Surgical Robot Linked to Injuries at New Hampshire Hospital

The da Vinci surgical robot, marketed by Intuitive Surgical Inc., is being investigated because of reports of patient injuries at a small New Hampshire hospital. The reported injuries include two patients with lacerated bladders and one woman who required four subsequent surgeries after <"">errors using the machine.

According to The Wall Street Journal, the da Vinci came on the market in 2000, and is now employed in 853 U.S. hospitals. It is used in a variety of surgical procedures, from removing cancerous prostates to heart surgeries. The machine, which can cost anywhere between $1 million to $2.25 million, boasts four remote-controlled arms and a sophisticated camera that allows surgeons to operate through small incisions with greater precision and visibility.

The injuries detailed by The Wall Street Journal occurred at Wentworth-Douglass Hospital in New Hampshire. Surgeons there have used the da Vinci robot roughly 300 times in the past four years. Apparently, that is just a fraction of the use the same robot receives at large hospitals, and that – surgeon inexperience – could be the problem.

According to the Journal report, some surgeons have questioned the way da Vinci is marketed. Apparently, Intuitive Surgical touts the robot as a way for hospitals to increase revenues and market share. Wentworth-Douglass, which competes with six other hospitals, began leasing a da Vinci robot in 2006, hoping to gain an edge. No hospital within a 30 mile radius of Wentworth-Douglass has a da Vinci, the Journal said.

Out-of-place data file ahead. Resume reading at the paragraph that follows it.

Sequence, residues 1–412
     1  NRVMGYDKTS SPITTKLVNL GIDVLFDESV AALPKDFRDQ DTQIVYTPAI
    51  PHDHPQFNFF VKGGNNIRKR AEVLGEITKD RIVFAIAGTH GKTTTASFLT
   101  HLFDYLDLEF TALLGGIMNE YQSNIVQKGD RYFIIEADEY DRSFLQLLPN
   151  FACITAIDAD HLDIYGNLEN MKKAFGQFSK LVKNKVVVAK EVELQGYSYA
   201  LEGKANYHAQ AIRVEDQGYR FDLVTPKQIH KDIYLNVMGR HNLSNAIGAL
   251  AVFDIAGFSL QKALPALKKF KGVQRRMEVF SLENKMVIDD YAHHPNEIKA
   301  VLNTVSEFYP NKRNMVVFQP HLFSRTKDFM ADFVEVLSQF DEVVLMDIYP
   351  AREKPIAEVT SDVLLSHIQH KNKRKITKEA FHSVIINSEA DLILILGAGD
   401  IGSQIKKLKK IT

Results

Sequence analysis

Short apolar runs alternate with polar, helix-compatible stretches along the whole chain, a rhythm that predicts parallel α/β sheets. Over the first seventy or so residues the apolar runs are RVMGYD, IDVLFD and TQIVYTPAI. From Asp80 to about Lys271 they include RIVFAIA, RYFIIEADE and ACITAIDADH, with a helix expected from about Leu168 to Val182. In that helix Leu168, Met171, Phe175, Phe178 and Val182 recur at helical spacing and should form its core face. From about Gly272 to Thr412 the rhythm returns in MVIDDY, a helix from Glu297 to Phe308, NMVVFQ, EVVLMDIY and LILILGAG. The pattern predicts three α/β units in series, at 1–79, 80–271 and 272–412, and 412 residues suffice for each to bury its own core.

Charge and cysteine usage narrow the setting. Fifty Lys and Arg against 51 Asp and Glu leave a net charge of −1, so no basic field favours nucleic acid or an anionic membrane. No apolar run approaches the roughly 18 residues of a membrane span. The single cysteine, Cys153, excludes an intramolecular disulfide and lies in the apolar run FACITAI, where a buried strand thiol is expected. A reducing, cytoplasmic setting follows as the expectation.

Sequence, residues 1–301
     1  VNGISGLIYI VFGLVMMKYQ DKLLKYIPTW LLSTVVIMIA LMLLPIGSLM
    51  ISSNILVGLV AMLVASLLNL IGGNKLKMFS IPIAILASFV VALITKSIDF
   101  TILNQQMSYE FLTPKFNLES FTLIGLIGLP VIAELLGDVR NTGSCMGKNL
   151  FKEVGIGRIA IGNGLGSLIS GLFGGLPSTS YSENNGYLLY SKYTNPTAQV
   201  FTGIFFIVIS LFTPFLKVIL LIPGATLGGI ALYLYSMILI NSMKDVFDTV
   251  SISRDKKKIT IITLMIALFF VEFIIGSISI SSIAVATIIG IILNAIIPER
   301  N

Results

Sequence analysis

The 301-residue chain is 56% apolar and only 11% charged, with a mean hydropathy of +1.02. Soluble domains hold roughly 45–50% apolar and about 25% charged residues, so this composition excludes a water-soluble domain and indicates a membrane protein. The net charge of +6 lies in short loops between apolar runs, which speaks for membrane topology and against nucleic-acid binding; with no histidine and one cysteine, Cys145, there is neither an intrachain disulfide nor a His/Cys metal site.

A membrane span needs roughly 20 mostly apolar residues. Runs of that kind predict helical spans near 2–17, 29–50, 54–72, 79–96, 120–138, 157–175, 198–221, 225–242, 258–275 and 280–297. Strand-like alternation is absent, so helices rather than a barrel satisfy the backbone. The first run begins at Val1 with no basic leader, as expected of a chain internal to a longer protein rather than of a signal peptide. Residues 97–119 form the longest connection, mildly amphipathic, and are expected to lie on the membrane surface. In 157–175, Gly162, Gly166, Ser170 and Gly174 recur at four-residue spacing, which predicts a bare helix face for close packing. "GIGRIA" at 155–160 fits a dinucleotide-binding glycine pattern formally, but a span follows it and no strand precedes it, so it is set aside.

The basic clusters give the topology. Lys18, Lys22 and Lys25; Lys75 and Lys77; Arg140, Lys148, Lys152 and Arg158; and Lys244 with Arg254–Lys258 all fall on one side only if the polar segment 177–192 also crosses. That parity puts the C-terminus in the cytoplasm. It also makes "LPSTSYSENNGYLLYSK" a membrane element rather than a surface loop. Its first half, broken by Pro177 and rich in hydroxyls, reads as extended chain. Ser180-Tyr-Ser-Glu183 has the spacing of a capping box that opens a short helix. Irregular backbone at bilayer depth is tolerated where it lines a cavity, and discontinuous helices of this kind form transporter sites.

After acquiring it, the hospital began marketing the da Vinci in advertisements on radio, television and in the local newspaper. Former and current medical staff also told the Journal that surgeons at Wentworth-Douglass were pressured to use the machine.

At least two surgeons at Wentworth-Douglass had opposed using the da Vinci there, and both told the board of trustees it wasn’t need at a hospital of its size. One of them, Dr. Robert Lambert, told the Journal that pressure to use da Vinci was one of the reasons he eventually left Wentworth-Douglass.

Other members of the medical staff were critical of the training they received with the device, saying it was insufficient. According to the Journal, that training consisted of two days of operating on pig and human cadavers at a hospital in New Jersey. The training was paid for by Intuitive, which includes it with the lease of the machine.

Once Wentworth-Douglass surgeons received their training, surgeons from other specialties supervised the first few da Vinci surgeries of newly trained doctors. After four such surgeries, the hospital allowed them to use da Vinci unsupervised on their patients.

Not everyone at Wentworth-Douglas was happy with this arrangement. According to the Journal, four urologists resisted using the robot without more training. Three of those doctors eventually left the hospital.

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